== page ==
If you decorate a Christmas Tree, and you snap a pic, but you don’t publish it on Instagram—then, did you even decorate the tree?
Trees So Fierce, You Won’t Even Need a Filter
This is the exciting part of the year where we get to caravan to the local empty lot, turned temporary tree farm; or, perhaps you saunter into the forests with your family and some handy tree-chopping tools.
We wander around the seasonal evergreen firs, taking in all of the smells, looking for the perfect tree to pitch up in our living rooms, next to the window, so everybody on the block can see the decorated branches, the glittering lights, and the giant star at the very, tippy top.
We do it for tradition, we do it so that Santa can find us, we do it for the Instagram-worthy pictures, and we do it for the hashtag.
Step One: Scout Out the Ideal Christmas Tree
There are various different types of Christmas trees. The “original” type is the Evergreen Fir, but in places like British Columbia the Norway Spruce is very popular, and in the United States, it’s the Fraser Fir that takes the cake. In 2012, the Obama family had the Fraser type of tree in the White House!
Check the freshness of the tree by bending a needle. According to Better Home & Garden, “fresh firs should snap, while fresh pines bend and should not break.”
Before you take the tree home, ask to have the bottom part of the trunk cut off. This will allow for water to absorb better so that the tree will remain fresh longer.
Step Two: Decide on the Best Spot for Placement
It’s great to position the Christmas tree near a window so that you can spread holiday cheer and warm fuzzies to those who happen to pass by. And if you place the tree in a corner it will create more depth as well as framing for your Instagram photos.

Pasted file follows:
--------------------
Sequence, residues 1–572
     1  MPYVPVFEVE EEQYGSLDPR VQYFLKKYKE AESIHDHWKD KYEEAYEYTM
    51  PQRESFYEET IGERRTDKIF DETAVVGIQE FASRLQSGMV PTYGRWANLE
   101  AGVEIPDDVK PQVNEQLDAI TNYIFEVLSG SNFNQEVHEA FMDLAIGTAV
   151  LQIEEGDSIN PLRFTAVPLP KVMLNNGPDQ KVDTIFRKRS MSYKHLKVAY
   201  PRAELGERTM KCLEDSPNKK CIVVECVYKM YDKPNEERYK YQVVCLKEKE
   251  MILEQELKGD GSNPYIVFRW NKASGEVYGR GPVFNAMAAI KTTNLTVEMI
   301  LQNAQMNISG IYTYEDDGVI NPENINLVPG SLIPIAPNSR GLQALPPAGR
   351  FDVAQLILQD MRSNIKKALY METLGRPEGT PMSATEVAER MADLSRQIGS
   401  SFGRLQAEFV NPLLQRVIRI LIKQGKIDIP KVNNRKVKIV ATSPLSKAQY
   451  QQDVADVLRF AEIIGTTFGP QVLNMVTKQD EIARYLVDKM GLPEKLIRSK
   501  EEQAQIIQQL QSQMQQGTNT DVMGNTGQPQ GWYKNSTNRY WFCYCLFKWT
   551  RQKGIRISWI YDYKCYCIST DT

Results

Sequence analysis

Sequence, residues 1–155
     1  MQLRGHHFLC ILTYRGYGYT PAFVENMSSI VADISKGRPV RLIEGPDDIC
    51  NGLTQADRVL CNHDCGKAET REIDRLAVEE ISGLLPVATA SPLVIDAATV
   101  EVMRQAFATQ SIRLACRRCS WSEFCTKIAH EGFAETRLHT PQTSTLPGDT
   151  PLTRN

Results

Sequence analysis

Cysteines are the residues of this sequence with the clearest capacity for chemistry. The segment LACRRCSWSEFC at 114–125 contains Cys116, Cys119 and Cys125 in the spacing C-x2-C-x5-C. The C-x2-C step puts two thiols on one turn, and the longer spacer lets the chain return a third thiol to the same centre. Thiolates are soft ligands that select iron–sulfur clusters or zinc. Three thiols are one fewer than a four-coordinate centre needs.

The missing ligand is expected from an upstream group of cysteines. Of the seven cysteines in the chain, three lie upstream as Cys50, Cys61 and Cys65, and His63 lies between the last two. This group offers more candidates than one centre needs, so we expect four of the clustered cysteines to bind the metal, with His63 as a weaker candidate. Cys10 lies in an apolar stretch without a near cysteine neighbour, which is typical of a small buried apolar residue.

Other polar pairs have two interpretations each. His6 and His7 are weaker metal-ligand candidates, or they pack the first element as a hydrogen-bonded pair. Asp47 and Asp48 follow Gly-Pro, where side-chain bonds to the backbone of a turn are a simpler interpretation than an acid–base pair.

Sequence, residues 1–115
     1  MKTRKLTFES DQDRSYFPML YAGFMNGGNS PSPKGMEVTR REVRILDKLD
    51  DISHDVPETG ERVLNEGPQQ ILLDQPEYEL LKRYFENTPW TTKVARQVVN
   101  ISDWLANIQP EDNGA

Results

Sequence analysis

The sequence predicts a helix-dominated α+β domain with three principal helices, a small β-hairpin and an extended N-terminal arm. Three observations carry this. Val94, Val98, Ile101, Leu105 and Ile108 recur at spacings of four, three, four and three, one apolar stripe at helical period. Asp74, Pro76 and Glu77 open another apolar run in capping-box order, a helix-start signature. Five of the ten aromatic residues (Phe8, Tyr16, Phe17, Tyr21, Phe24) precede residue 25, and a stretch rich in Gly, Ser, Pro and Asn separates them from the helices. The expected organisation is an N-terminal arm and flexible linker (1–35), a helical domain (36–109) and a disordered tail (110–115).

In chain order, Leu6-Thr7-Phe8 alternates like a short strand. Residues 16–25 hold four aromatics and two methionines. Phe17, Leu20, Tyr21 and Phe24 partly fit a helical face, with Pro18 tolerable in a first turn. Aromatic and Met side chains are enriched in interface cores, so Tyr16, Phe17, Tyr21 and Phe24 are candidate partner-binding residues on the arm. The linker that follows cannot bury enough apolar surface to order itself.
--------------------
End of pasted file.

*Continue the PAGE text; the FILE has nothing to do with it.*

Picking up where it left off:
Avoid putting your Christmas tree near a fireplace because it will cause the tree to dry out too quickly; oh, and it’s also a fire hazard.
Step Three: String the Lights
When you string the lights, start at the top of the tree, and then work your way down, keeping close to the trunk. Do this so that you can tuck and hide some additional wires—it’s easier to hide them at the bottom than it is at the top.
Additionally, tuck some of the lights within the branches and this will create visual depth. Work the lights in vertical triangles, stringing them down and then up, horizontally around the tree.
Decorating Hack: Use an extension cord, and it will make your life much, much easier.
Step Four: Hang Your Ornaments and Garland
Hang your ornaments before you hang the garland. Begin with the heavier, larger ornaments, and then move onto the smaller ones. It’s easier to fit in the smaller ornaments once room becomes more sparse.
Use the garland to cover up any holes or spots, and work it in a top to bottom way, like you did with the string of lights.
Step Five: Shoot the Pics
If you want to capture the true essence of the Christmas tree, wait until the sun goes down so you can see the lights shimmer.
Additionally, don’t use a flash, because this can distort the string of lights and wash out the color. If you need more light, use a (real) flashlight, or use a flashlight app on a friend’s phone, and shine it near your phone while you take the picture.
Your tree is going to look amazing! You might not even want to use a filter.
But, just in case you do: When you’re picking out a filter to use on Instagram, avoid filters like Earlybird, Toaster, and Kelvin, because they severely distort color. Opt instead to use more subtle filters and bring out the green of the tree, like Clarendon, Mayfair, Hudson, and Skyline.
When you edit the picture, remember to bring up the brightness, bring up the saturation, turn on a vignette, if you want to focus in on the tree, and don’t forget to sharpen it.
All this decorating might make you hungry. Want a cookie? Check out our holiday sweets and treats!
Like-for-Like, Follow-for-Follow, Hashtag Perfect Tree
Share pictures of your Christmas tree with us! Use the hashtag, #GetChefd and show us how you like to get into the holiday spirit.